Aerodynamic basics

Estimated reading: 3 minutes

What is aerodynamic drag?

Aerodynamic drag is the force of the air acting to slow down a cyclist moving through it.

It is made up of two major components – pressure drag and skin friction drag.

  • Pressure drag is related to the size and shape of the bike and rider. As you cycle forwards you hit air particles out of the way. These are compressed on impact but then space out as they pass over and past you – the difference between these two air pressures is pressure drag. This is why getting into an aerodynamic position and allowing the oncoming air to flow smoothly around you, reduces your overall aerodynamic drag and makes it easier to cycle.
  • Skin friction is related to the roughness or texture of the surface on the bike and rider, a smooth (laminar) surface allows air particles to have consistent trajectories (pathlines). A rough (turbulent) surface causes irregular pathlines. Something to note however is surface roughness can be used to keep flow attached longer (for example a textured should on a skinsuit) which increases skin friction drag, but reduces pressure drag (of which is a larger component and therefore can reduce overall drag.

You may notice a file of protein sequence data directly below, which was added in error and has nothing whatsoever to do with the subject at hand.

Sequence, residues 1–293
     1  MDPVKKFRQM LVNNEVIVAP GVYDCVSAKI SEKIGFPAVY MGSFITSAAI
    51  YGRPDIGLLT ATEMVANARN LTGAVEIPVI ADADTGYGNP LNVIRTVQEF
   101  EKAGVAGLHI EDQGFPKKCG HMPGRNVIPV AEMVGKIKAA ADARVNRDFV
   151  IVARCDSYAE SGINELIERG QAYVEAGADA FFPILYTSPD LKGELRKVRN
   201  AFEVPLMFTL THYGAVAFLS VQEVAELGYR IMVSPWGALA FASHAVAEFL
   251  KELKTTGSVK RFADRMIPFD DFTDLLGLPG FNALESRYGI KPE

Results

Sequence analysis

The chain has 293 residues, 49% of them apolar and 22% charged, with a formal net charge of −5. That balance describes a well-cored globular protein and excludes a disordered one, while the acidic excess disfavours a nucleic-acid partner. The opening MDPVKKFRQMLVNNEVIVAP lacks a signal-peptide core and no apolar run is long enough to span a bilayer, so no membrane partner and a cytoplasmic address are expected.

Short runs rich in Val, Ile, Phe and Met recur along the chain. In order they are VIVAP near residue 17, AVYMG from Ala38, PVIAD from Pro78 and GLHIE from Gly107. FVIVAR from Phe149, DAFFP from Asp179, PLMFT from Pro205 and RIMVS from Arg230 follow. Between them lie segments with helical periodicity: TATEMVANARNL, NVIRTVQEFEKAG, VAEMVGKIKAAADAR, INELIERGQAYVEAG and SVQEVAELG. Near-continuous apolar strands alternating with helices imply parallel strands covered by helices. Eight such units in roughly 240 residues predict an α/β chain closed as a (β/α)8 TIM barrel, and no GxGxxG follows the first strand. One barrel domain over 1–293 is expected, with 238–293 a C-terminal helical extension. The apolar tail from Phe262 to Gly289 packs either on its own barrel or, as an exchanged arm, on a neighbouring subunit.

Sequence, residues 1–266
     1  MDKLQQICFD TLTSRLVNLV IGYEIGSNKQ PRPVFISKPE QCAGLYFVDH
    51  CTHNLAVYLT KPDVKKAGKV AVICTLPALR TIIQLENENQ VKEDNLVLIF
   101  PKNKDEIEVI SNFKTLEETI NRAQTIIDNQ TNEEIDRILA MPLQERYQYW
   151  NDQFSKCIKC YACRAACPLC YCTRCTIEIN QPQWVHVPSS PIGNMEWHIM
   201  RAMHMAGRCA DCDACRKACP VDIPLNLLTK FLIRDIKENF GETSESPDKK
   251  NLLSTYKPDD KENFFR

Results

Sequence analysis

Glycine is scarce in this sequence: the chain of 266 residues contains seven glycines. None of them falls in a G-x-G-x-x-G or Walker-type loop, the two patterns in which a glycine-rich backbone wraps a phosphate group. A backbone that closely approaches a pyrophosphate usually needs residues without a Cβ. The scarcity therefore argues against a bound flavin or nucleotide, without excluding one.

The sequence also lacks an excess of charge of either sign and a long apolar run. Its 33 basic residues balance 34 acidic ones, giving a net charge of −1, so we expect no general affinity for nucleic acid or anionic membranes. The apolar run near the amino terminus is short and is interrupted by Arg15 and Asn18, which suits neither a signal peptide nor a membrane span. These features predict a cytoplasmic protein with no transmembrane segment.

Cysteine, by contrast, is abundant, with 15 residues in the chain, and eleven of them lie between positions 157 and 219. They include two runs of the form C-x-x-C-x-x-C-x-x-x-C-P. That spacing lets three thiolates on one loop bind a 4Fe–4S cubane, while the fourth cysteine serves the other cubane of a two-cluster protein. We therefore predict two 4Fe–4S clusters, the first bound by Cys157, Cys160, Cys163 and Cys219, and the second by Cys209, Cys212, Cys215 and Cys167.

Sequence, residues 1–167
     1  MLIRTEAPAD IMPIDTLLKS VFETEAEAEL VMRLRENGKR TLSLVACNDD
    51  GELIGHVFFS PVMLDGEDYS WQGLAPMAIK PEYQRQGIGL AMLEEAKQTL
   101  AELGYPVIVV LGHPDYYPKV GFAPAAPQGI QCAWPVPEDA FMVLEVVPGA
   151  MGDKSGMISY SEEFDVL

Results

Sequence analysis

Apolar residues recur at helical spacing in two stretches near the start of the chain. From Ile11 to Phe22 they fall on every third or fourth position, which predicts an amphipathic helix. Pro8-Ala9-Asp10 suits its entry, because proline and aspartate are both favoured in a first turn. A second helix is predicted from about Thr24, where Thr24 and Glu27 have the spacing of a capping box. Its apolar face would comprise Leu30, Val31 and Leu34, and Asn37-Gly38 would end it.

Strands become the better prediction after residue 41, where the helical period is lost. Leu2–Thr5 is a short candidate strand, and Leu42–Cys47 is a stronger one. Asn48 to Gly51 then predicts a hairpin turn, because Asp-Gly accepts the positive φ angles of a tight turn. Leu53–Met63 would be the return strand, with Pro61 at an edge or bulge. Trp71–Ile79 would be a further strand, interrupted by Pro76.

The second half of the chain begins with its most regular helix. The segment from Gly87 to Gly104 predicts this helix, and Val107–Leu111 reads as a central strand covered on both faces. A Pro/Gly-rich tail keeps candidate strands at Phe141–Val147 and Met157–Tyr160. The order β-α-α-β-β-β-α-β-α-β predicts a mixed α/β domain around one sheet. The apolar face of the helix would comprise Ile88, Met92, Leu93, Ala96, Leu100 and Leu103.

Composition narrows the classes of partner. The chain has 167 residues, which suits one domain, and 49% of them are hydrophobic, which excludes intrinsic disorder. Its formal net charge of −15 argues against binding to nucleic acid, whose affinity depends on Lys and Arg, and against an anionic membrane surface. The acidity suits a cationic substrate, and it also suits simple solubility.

How do we measure aerodynamic drag?

There are five forces acting on a cyclist. Aerosensor works by measuring or estimating forces (or power) from the rider (FR), kinetic (FK), gravitational (FG) and friction (FF) to find the fifth, aerodynamic drag (FD).

The sum of these sources (positive) and sinks (negative) plus the aerodynamic drag (sink) must equal zero:

F_{R} \pm F_{K} \pm F_{G}-F_{F}-F_{D}=0

Aerodynamic drag is comprised of the product of dynamic pressure (pDyn, directly measured by Aerosensor), coefficient of drag (Cd, a constant for a given body position/setup) and frontal area (A). In cycling, the coefficient of drag and frontal area are commonly combined as the term CdA:

F_{D} = p_{\text{Dyn}} \times C_{d}A

Combining these two equations gives you a relationship between CdA and the other bike forces:

C_{d}A = \frac{{F_{R} \pm F_{K} \pm F_{G} – F_{F}}}{{p_{\text{Dyn}}}}

This is what your Aerosensor calculates in real-time!

Why is aerodynamic drag important?

Although aerodynamic drag increases with speed, friction does not – so at high speeds aerodynamic drag dominates.

Above you can see that at 5kph just 10% of your power goes into overcoming aerodynamic drag, and at 40kph this increases to over 80% – ie 80% of your power is used only to push you through the air.

Say you’re taking part in a flat 40km TT, how can reducing your CdA (and therefore aerodynamic drag) affect your race time?

In this example, reducing your CdA by around 10% can save over 1 minute and 30 seconds. The great news about aerodynamic testing is that you can make huge strides in making yourself faster and/or saving more energy for when it matters.

Share this Doc

Aerodynamic basics

Or copy link